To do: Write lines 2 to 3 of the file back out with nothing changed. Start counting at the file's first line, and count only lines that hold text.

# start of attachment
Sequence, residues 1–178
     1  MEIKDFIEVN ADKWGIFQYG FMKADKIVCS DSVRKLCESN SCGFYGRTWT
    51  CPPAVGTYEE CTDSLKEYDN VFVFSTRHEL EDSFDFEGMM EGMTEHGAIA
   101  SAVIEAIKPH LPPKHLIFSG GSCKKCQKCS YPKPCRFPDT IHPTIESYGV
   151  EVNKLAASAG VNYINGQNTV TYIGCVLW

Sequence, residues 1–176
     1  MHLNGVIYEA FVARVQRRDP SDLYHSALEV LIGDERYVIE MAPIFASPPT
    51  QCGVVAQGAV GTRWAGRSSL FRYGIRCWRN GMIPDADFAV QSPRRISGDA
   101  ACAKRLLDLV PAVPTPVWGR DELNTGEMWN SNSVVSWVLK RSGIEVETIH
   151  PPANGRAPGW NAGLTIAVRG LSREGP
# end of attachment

     1  MEIKDFIEVN ADKWGIFQYG FMKADKIVCS DSVRKLCESN SCGFYGRTWT
    51  CPPAVGTYEE CTDSLKEYDN VFVFSTRHEL EDSFDFEGMM EGMTEHGAIA